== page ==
2) for every one of the market scenarios examined, net economic benefits increased as the level of LNG exports increased. Under these conditions, allowing exports of LNG would cause no change in natural gas prices and do no harm to the overall economy. U.S. natural gas prices increase when the U.S. exports LNG. But the global market limits how high U.S. natural gas prices can rise under pressure of LNG exports because importers will not purchase U.S. exports if U.S. wellhead price rises above the cost of competing supplies.

This is a fracking gross assumption as no one knows what will or can happen globally, e.g. war, other countries become more fed up with the U.S. and its imperialism, famine here and in other countries, devastating storms,etc.

3) Theoretical scenarios were created that resulted in these theoretical assumptions.

4) “Across all these scenarios, the U.S. was projected to gain net economic benefits from allowing
LNG exports. Moreover, for every one of the market scenarios examined, net economic benefits
increased as the level of LNG exports increased. In particular, scenarios with unlimited exports
always had higher net economic benefits than corresponding cases with limited exports.
In all of these cases, benefits that come from export expansion more than outweigh the losses
from reduced capital and wage income to U.S. consumers, and hence LNG exports have net
economic benefits in spite of higher domestic natural gas prices. This is exactly the outcome that
economic theory describes when barriers to trade are removed.”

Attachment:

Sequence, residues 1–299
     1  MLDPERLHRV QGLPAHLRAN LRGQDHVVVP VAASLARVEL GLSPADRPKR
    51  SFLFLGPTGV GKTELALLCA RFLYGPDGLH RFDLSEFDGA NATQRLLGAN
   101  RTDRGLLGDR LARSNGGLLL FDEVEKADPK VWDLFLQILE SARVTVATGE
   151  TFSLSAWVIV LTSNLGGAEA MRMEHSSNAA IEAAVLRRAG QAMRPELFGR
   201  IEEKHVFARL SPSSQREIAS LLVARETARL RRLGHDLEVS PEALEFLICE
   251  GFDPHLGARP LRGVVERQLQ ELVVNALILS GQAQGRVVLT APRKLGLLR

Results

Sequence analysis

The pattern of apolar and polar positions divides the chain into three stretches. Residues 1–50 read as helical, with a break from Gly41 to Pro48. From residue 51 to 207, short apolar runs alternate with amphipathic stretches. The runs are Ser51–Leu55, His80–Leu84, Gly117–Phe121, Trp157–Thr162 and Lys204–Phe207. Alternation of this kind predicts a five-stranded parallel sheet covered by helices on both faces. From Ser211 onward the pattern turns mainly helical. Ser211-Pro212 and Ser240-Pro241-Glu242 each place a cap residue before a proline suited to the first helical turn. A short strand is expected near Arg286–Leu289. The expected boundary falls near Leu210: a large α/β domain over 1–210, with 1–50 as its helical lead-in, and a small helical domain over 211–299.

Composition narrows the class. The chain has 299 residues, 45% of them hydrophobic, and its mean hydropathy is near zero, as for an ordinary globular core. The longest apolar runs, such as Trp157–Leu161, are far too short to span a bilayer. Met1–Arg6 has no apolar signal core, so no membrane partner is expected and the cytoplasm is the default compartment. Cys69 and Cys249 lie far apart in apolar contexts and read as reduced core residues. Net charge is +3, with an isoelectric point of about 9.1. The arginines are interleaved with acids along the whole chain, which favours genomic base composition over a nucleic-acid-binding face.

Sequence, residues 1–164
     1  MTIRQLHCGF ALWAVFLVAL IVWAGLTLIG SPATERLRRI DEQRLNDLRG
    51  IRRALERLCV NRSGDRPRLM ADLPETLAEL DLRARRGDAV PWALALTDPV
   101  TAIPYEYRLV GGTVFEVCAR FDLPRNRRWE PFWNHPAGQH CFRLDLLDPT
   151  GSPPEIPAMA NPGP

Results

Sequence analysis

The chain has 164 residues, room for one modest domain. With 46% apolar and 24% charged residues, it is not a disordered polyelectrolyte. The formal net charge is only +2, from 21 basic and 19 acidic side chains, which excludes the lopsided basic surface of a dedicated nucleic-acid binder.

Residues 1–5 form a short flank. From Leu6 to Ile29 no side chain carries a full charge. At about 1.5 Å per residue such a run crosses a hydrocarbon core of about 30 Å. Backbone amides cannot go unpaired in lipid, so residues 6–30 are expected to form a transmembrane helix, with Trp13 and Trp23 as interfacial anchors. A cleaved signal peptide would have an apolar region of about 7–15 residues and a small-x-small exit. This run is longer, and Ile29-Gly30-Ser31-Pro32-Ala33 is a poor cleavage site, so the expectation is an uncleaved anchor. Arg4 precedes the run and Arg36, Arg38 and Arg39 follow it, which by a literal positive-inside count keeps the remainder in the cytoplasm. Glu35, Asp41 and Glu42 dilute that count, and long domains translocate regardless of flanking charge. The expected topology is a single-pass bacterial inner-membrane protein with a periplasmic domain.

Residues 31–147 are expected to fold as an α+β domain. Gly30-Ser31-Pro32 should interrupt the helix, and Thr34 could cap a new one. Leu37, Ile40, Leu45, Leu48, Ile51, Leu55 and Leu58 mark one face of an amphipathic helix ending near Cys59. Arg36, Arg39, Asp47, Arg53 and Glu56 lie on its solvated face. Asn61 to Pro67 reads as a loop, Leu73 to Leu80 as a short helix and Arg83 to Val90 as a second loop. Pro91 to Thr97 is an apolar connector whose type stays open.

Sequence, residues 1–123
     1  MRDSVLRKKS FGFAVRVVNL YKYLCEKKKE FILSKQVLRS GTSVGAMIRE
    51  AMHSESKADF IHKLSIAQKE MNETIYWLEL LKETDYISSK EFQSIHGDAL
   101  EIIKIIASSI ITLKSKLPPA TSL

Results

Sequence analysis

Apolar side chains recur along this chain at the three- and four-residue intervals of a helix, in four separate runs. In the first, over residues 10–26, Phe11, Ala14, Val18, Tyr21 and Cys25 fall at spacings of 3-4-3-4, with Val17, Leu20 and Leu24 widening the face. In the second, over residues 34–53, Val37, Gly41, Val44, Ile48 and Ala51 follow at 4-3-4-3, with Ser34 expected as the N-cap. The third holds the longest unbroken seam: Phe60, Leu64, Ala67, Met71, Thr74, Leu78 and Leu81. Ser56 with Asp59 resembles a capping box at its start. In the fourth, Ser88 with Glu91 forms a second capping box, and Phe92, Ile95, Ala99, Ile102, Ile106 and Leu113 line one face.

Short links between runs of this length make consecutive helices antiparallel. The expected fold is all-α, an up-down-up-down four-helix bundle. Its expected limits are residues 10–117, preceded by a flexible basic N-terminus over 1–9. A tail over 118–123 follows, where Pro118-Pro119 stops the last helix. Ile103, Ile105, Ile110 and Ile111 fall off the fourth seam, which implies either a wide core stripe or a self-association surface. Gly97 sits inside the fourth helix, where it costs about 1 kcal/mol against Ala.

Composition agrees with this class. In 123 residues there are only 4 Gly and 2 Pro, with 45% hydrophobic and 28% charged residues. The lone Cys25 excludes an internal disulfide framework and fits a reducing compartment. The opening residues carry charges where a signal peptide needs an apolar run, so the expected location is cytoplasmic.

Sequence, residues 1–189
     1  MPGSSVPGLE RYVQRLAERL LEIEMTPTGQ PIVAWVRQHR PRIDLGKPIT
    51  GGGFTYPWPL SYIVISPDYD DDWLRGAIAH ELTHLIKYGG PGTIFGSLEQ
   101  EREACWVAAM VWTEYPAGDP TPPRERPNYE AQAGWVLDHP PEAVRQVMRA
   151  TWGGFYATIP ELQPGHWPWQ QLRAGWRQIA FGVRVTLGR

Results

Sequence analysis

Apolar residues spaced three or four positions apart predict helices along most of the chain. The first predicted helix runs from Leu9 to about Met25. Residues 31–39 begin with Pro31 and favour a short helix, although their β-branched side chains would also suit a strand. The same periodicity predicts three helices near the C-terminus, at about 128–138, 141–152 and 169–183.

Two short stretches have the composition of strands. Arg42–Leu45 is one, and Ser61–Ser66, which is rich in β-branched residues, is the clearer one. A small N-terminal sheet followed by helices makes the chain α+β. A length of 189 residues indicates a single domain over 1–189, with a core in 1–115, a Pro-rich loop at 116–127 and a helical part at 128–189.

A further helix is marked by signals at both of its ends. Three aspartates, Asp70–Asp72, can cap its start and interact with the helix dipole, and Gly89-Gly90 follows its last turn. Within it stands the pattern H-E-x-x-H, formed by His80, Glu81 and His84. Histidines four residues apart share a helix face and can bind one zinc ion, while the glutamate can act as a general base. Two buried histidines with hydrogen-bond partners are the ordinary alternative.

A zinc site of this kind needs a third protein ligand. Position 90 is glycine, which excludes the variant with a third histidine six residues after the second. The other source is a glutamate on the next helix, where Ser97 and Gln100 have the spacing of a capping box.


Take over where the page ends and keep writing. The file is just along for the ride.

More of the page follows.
These assumptions are based on global free trade economic theory created in computers and in the fevered brains of academics and govt. consultants, not on the on the ground experiences of people living in shale drilling areas in the U.S. 
That is, the effects on the air, water, soil, psychology, sociology, etc. of shale communities are NOT factored in.

5) Producing large quantities of shale at low cost, a desirable requisite for the theoretical outcomes to work according to the NERA study provided to the DOE (study and FED Register notice attached), is EXACTLY one of the main problems with shale drilling.

Cutting corners, haste, lack of transparency, confidentiality agreements when contamination of drinking water, pollution of soils, death of animals, human sickness, etc. occur, fracturing of community society, costs of increased crime, housing costs, externalization of costs onto shale drilling communities, bribing of electeds with huge amounts of campaign contributions or fire trucks, etc.  

None of this is factored into the economic theory driving the arguments for export of LNG other than in this dismissive comment in the study’s summary – “How increased LNG exports will affect different socioeconomic groups will depend on their income sources. Like other trade measures, LNG exports will cause shifts in industrial output and employment and in sources of income. Overall, both total labor compensation and income from investment are projected to decline, and income to owners of natural gas resources will increase. Different socioeconomic groups depend on different sources of income, though through retirement savings an increasingly large number of workers share in the benefits of higher income to natural resource companies whose shares they own. Nevertheless, impacts will not be positive for all groups in the economy. Households with income solely from wages or government transfers, in particular, might not participate in these benefits.”

Hope this helps.
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Ed Markey letter on Natural Gas Exports study by DOE

2012-12-14_Chu_NERA.pdf (application/pdf Object).

Sending Natural Gas Abroad – NYTimes.com

Sending Natural Gas Abroad – NYTimes.com.

Doctors Urge U.S. to Block Gas Export Terminals – NYTimes.com

Doctors Urge U.S. to Block Gas Export Terminals – NYTimes.com.